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Kelley J. S. v. Commissioner of Social Security

United States District Court, W.D. Washington, Tacoma

July 12, 2019

KELLEY J. S., Plaintiff,
v.
COMMISSIONER OF SOCIAL SECURITY, Defendant.

          ORDER REVERSING AND REMANDING DEFENDANT'S DECISION TO DENY BENEFITS

          David W. Christel, United States Magistrate Judge.

         Plaintiff filed this action, pursuant to 42 U.S.C. § 405(g), for judicial review of Defendant's denial of her application for disability insurance benefits (“DIB”). Pursuant to 28 U.S.C. § 636(c), Federal Rule of Civil Procedure 73 and Local Rule MJR 13, the parties have consented to have this matter heard by the undersigned Magistrate Judge. See Dkt. 2.

         After considering the record, the Court concludes the Administrative Law Judge (“ALJ”) erred when she failed to provide clear and convincing reasons supported by substantial evidence for discounting Plaintiff's subjective symptom testimony. Had the ALJ properly considered Plaintiff's subjective complaints, Plaintiff's residual functional capacity (“RFC”) may have included additional limitations. The ALJ's error is, therefore, not harmless, and this matter is reversed and remanded pursuant to sentence four of 42 U.S.C. § 405(g) to the Commissioner of Social Security (“Commissioner”) for further proceedings consistent with this Order.

         FACTUAL AND PROCEDURAL HISTORY

         On March 30, 2015, Plaintiff filed an application for DIB, alleging disability as of the date of her application. See Dkt. 8, Administrative Record (“AR”) 15. The application was denied upon initial administrative review and on reconsideration. See AR 15. A hearing was held before ALJ Marilyn S. Mauer on February 27, 2017. See AR 30-43. A second, supplemental, hearing was held before the ALJ on July 10, 2017. AR 44-68. In a decision dated November 3, 2017, the ALJ determined Plaintiff was not disabled. See AR 15-24. Plaintiff's request for review of the ALJ's decision was denied by the Appeals Council, making the ALJ's decision the final decision of the Commissioner. See AR 1-5; 20 C.F.R. § 404.981, § 416.1481.

         In the Opening Brief, Plaintiff maintains the ALJ erred by failing to properly: (1) consider Plaintiff's subjective symptom testimony; (2) consider lay witness testimony; and (3) assess Plaintiff's RFC and her ability to perform her past relevant work. Dkt. 12, p. 1. Plaintiff requests remand for an award of benefits. Id. at pp. 16-17.

         STANDARD OF REVIEW

         Pursuant to 42 U.S.C. § 405(g), this Court may set aside the Commissioner's denial of social security benefits if the ALJ's findings are based on legal error or not supported by substantial evidence in the record as a whole. Bayliss v. Barnhart, 427 F.3d 1211, 1214 n.1 (9th Cir. 2005) (citing Tidwell v. Apfel, 161 F.3d 599, 601 (9th Cir. 1999)).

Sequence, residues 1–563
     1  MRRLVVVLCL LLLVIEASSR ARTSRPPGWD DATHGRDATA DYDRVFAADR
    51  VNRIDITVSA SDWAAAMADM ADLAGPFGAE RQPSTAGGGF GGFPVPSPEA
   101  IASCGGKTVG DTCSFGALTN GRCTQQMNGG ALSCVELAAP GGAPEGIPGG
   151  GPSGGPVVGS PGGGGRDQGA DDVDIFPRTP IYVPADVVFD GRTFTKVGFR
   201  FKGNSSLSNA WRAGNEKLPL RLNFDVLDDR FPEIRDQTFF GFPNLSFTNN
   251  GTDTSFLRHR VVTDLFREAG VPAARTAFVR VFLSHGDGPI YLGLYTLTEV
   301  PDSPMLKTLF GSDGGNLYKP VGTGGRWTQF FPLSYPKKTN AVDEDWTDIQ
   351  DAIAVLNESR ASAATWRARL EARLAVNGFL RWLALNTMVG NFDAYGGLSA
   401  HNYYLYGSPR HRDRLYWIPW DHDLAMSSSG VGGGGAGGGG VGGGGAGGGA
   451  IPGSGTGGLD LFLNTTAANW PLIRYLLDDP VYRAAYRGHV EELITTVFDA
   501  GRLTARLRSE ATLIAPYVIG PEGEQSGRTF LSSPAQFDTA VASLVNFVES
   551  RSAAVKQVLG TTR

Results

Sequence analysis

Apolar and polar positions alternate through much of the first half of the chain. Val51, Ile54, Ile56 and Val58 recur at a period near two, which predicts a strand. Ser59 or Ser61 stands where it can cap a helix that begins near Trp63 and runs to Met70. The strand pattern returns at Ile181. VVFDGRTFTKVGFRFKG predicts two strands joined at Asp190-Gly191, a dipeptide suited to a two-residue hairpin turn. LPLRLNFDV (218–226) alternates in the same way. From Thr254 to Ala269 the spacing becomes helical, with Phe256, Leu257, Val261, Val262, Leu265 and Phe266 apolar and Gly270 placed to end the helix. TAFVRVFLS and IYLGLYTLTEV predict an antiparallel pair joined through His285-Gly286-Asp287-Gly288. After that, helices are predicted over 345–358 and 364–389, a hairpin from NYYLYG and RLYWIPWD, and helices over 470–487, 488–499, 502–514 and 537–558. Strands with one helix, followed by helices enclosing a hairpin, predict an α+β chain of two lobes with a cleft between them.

DISCUSSION

         I. Whether the ALJ provided specific, clear, and convincing reasons for finding Plaintiff's subjective symptom testimony not fully supported.

         Plaintiff contends the ALJ erred by failing to provide specific, clear, and convincing reasons for finding Plaintiff's subjective symptom testimony not fully supported. Dkt. 8. To reject a claimant's subjective complaints, the ALJ must provide “specific, cogent reasons for the disbelief.” Lester v. Chater, 81 F.3d 821, 834 (9th Cir. 1996) (citation omitted). The ALJ “must identify what testimony is not credible and what evidence undermines the claimant's complaints.” Id.; Dodrill v. Shalala, 12 F.3d 915, 918 (9th Cir. 1993). Unless affirmative evidence shows the claimant is malingering, the ALJ's reasons for rejecting the claimant's testimony must be “clear and convincing.” Lester, 81 F.2d at 834. Questions of credibility are solely within the control of the ALJ. Sample v. Schweiker, 694 F.2d 639, 642 (9th Cir. 1982). The Court should not “second-guess” this credibility determination. Allen v. Heckler, 749 F.2d 577, 580 (9th Cir. 1984). In addition, the Court may not reverse a credibility determination where that determination is based on contradictory or ambiguous evidence. Id. at 579.[1]

         Plaintiff testified she cannot work due to fibromyalgia, severe osteoarthritis, a herniated disk in her back, and sciatica. AR 47-48. She also has emotional breakdowns, severe anxiety, and depression. AR 48. Plaintiff states she can lift and carry ten pounds no higher than her chest. AR 48. She can sit for about 30 minutes in a chair during the average day before she needs to get up and move because she feels restless and achy. AR 49. Plaintiff can stand continuously for approximately 10 to 15 minutes before her legs and lower back start aching and she needs to move. AR 49. Plaintiff testified she can walk for approximately 15 minutes without interruption and does so about three times a week. AR 50-51. She climbs four stairs daily. AR 52. Plaintiff takes a nap for one to three hours every day, and Plaintiff has to stay in bed one to two days per month due to feeling sick and aching from head to toe. AR 51, 62.

         On a typical day, Plaintiff watches television, takes a shower, takes a nap, works on a jigsaw puzzle, and fixes breakfast and dinner. AR 57. Plaintiff is able to bathe and dress herself and drives two to three times per week. AR 50. At home, she is responsible for laundry, cooking, grocery shopping, some gardening, and keeping the house clean. AR 52. In her Adult Function Report, Plaintiff stated that she cooks sandwiches, soup, and cereal. AR 245. She no longer prepares big meals and eats more frozen meals. AR 245. Plaintiff usually shops on the weekend with her son and has assistance with heavier items. AR 57.

         Plaintiff testified that she takes oxycodone, Paxil, [2] and a blood pressure medication. AR 55. The medications are effective, but cause ...


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